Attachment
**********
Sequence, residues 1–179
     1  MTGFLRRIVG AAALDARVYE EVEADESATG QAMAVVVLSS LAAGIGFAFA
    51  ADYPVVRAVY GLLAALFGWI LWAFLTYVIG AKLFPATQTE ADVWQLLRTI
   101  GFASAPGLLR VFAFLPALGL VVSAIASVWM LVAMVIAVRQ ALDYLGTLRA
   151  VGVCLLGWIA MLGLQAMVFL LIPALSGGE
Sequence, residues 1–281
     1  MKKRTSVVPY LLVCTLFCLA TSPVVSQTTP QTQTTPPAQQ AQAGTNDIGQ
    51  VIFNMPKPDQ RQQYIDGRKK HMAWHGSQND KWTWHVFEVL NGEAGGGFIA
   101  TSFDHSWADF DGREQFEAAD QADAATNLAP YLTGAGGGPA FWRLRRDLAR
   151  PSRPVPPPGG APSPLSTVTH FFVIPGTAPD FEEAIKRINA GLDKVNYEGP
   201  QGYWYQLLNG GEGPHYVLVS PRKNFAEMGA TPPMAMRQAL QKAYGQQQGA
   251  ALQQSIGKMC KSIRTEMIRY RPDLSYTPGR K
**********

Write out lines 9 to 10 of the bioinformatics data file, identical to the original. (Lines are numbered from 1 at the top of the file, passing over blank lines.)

   101  TSFDHSWADF DGREQFEAAD QADAATNLAP YLTGAGGGPA FWRLRRDLAR
   151  PSRPVPPPGG APSPLSTVTH FFVIPGTAPD FEEAIKRINA GLDKVNYEGP